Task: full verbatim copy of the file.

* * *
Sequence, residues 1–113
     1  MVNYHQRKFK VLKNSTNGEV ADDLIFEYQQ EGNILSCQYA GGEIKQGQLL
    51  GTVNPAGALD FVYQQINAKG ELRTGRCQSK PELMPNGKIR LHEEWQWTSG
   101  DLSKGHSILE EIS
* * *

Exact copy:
Sequence, residues 1–113
     1  MVNYHQRKFK VLKNSTNGEV ADDLIFEYQQ EGNILSCQYA GGEIKQGQLL
    51  GTVNPAGALD FVYQQINAKG ELRTGRCQSK PELMPNGKIR LHEEWQWTSG
   101  DLSKGHSILE EIS